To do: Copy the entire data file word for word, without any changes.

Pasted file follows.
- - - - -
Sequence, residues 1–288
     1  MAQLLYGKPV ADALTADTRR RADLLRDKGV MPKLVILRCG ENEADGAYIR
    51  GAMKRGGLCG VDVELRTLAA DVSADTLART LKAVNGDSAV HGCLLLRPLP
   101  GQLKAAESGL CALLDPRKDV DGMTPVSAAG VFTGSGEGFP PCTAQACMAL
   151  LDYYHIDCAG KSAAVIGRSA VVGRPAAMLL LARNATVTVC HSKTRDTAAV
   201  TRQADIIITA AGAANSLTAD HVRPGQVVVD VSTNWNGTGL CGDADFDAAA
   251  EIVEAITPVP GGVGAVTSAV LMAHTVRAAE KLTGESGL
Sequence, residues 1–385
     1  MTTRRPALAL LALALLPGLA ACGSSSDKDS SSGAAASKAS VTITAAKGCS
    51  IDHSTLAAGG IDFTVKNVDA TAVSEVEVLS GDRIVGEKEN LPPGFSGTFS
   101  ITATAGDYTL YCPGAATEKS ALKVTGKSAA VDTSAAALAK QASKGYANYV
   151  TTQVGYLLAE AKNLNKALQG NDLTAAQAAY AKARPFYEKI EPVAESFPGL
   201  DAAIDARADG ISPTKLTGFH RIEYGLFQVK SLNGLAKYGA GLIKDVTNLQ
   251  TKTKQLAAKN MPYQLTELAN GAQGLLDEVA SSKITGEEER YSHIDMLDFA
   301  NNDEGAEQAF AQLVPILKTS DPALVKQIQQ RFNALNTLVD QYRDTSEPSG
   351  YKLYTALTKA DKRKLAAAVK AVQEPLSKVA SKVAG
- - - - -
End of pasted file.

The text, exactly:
Sequence, residues 1–288
     1  MAQLLYGKPV ADALTADTRR RADLLRDKGV MPKLVILRCG ENEADGAYIR
    51  GAMKRGGLCG VDVELRTLAA DVSADTLART LKAVNGDSAV HGCLLLRPLP
   101  GQLKAAESGL CALLDPRKDV DGMTPVSAAG VFTGSGEGFP PCTAQACMAL
   151  LDYYHIDCAG KSAAVIGRSA VVGRPAAMLL LARNATVTVC HSKTRDTAAV
   201  TRQADIIITA AGAANSLTAD HVRPGQVVVD VSTNWNGTGL CGDADFDAAA
   251  EIVEAITPVP GGVGAVTSAV LMAHTVRAAE KLTGESGL
Sequence, residues 1–385
     1  MTTRRPALAL LALALLPGLA ACGSSSDKDS SSGAAASKAS VTITAAKGCS
    51  IDHSTLAAGG IDFTVKNVDA TAVSEVEVLS GDRIVGEKEN LPPGFSGTFS
   101  ITATAGDYTL YCPGAATEKS ALKVTGKSAA VDTSAAALAK QASKGYANYV
   151  TTQVGYLLAE AKNLNKALQG NDLTAAQAAY AKARPFYEKI EPVAESFPGL
   201  DAAIDARADG ISPTKLTGFH RIEYGLFQVK SLNGLAKYGA GLIKDVTNLQ
   251  TKTKQLAAKN MPYQLTELAN GAQGLLDEVA SSKITGEEER YSHIDMLDFA
   301  NNDEGAEQAF AQLVPILKTS DPALVKQIQQ RFNALNTLVD QYRDTSEPSG
   351  YKLYTALTKA DKRKLAAAVK AVQEPLSKVA SKVAG